Asian Science Citation Index is committed to provide an authoritative, trusted and significant information by the coverage of the most important and influential journals to meet the needs of the global scientific community.  
ASCI Database
308-Lasani Town,
Sargodha Road,
Faisalabad, Pakistan
Fax: +92-41-8815544
Contact Via Web
Suggest a Journal
 
Articles by N. Stavropoulos
Total Records ( 3 ) for N. Stavropoulos
  S.T. Kotzamanidis , N. Stavropoulos and C.G. Ipsilandis
  An extensive evaluation of 43 varieties from the Greek collection of groundnut was carried out during years 1986-90 in the farm of the Cotton and Industrial Plants Institute, Greece. A systematic characterization referred to eight botanical, morphological and agrophysiological traits included in the descriptor lists of IBPGR and ICRISAT, followed field evaluation. These traits were: growth habit, branching pattern, leaf colour, pod distance from the main root, synchronized pod maturity, days to emergence, days to 50% flowering and days to maturity. Principal Component Analysis (PCA) extracted two main factors representing 83% of the total variation. PC1 (interpreted as earliness factor) explained 68.4% and PC2 (interpreted as synchronized maturity factor) 14.6% of the total variance. Cluster analysis classified the assessed cultivars into distinct groups on the basis of earliness and synchronized pod maturity. The evaluation has shown that most of the Greek varieties botanically belong to the subspecies hypogaea and to Virginia type which is late material. Only a few varieties belong to the subspecies fastigiata and to Valencia or Spanish type and found to be an early genetic material. The evaluation also contributed in identifying certain varieties, such as Serraiki, Sakania Sindu and Poroia, as promising for their significant earliness, varieties Tragana, Ispaniki and Proimi Funtoti for high pod concentration and varieties Krestena, Karolina and Lakonia for highly synchronized pod maturity.
  S.T. Kotzamanidis , N. Stavropoulos and C.G. Ipsilandis
  Forty-three cultivars from the Greek collection of groundnut were characterized and evaluated for various agronomic and quality traits and resistance to waterlogging, during 1986-90 in the farm of the Cotton and Industrial Plants Institute. Seventeen morphological and physiological traits included in the descriptor lists of IBPGR and ICRISAT were used in total. Principal Component Analysis (PCA) extracted 5 factors representing 77.3% of the total variation. PC1 explained 35.6, PC2 14.2, PC3 13.0, PC4 8.4 and PC5 6.1% of the total variance. Cluster analysis classified the assessed cultivars into distinct cultivar-groups on the basis of pod and seed characteristics. The evaluation showed that most Greek Arachis cultivars belong to subspecies hypogaea, group Virginia. Only a few belong to subspecies fastigiata groups Valencia or Spanish. The experimental work succeeded in preliminary identification of certain cultivars with promising tolerance to waterlogging at harvest which are to be used either directly in the Arachis production zone in Northern Greece, or as breeding materials for the improvement of the species.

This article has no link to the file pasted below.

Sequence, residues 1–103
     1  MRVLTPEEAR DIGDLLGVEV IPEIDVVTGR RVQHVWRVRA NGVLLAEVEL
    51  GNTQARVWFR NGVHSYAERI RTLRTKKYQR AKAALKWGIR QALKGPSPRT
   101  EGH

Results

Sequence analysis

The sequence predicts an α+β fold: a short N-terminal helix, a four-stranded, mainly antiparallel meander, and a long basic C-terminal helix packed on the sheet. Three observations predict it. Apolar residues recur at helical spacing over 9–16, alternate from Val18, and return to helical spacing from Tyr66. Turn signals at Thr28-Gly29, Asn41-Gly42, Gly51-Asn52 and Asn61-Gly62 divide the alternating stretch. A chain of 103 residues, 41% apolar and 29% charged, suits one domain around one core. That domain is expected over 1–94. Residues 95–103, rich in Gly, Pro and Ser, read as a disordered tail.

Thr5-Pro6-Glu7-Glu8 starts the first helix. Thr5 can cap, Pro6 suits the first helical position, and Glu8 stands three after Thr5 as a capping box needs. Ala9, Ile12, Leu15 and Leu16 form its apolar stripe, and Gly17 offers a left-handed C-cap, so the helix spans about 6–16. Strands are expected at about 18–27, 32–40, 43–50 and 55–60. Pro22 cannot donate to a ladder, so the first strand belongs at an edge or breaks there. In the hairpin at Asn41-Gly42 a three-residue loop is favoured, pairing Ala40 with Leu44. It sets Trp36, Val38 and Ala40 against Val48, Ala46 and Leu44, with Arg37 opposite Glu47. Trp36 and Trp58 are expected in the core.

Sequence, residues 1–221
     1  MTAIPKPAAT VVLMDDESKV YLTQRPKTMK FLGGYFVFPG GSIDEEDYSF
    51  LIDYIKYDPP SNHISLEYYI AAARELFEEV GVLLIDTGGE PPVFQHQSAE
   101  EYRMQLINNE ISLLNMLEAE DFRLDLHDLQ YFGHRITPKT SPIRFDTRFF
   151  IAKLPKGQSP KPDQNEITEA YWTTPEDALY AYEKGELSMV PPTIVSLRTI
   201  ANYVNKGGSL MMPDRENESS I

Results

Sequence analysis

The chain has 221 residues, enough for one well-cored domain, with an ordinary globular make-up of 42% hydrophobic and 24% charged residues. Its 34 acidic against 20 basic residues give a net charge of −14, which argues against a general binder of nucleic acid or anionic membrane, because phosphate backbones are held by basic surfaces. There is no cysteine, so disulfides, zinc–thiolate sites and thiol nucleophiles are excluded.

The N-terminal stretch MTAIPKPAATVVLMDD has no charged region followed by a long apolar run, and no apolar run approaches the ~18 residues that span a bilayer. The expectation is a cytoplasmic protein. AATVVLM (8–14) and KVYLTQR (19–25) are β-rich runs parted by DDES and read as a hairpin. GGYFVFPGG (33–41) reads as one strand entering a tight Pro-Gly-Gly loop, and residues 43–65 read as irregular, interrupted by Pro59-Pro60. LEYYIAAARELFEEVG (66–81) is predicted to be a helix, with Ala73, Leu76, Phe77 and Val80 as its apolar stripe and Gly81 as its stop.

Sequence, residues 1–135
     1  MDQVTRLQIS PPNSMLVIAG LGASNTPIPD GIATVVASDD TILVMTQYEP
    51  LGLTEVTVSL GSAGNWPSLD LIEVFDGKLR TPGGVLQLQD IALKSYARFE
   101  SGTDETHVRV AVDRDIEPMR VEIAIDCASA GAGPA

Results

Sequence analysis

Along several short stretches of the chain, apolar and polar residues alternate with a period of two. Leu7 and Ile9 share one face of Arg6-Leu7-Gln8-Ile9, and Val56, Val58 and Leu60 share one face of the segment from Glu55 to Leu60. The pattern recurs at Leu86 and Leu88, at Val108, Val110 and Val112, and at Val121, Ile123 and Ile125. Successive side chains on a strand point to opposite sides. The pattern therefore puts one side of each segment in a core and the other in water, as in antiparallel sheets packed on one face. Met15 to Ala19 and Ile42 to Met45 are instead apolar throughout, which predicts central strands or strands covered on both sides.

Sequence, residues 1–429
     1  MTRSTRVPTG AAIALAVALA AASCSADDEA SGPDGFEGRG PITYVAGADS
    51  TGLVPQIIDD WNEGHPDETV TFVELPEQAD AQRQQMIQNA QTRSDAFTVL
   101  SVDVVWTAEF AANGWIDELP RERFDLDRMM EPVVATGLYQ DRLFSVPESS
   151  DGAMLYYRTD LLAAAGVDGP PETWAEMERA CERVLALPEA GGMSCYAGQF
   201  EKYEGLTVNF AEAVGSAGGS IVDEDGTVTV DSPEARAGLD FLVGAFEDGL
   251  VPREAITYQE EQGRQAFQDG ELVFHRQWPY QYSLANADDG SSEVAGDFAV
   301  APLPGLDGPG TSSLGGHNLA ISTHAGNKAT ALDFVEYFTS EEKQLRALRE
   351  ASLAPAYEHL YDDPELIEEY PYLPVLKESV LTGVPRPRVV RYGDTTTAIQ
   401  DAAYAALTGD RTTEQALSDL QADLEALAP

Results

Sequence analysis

S.T. Kotzamanidis , N. Stavropoulos and C.G. Ipsilandis
  Correlation between twenty-one traits was studied in plants of F2 generation derived from crosses of groundnut varieties. Also, correlation for the same traits of plants was studied within the four types of crosses used: Virginia × Virginia, Valencia × Valencia, Virginia × Spanish and Virginia × Valencia. Significant positive correlation have been found in the total of plants with r values ranging from 0.22 to 0.46 for pod yield with pod distance from the main root, seed length, seed width, pod length, pod width, grams/100 pod, grams/100 seed, shelling percentage. From the four types of crosses and for the same traits, in relation to the pod yield, the type cross Virginia × Virginia showed the most significant positive correlations followed by types Valencia × Valencia, Virginia × Valencia and Virginia × Spanish. Selection based on plants that have shorter pod distance from the main root and larger seed size and also larger 100 pod weight, could increase peanut yielding performance.
 
 
 
Copyright   |   Desclaimer   |    Privacy Policy   |   Browsers   |   Accessibility